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CYCLING AND MOTORING, Issue 15668, 5 December 1914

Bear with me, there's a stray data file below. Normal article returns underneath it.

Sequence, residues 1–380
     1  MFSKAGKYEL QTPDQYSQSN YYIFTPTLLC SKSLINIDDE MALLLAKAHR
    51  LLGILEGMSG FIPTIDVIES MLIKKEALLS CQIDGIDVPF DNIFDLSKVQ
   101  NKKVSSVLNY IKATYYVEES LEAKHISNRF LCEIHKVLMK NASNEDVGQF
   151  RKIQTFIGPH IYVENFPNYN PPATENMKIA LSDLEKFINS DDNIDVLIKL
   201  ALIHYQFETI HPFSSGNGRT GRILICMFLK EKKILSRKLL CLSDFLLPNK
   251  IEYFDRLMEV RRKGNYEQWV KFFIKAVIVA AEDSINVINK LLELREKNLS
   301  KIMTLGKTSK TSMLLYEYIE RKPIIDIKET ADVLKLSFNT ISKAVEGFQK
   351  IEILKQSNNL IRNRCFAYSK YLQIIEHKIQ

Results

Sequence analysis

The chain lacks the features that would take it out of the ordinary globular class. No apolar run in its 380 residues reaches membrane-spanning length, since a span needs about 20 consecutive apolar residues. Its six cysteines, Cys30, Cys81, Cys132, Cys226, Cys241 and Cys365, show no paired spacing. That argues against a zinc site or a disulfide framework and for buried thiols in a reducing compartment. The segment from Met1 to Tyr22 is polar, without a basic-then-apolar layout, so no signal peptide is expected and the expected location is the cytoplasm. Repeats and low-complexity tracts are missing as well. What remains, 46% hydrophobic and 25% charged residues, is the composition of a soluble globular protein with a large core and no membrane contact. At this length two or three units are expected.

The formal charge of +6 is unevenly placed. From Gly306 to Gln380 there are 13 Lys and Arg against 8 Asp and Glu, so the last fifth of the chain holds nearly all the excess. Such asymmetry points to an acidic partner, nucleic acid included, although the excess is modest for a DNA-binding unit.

CYCLING AND MOTORING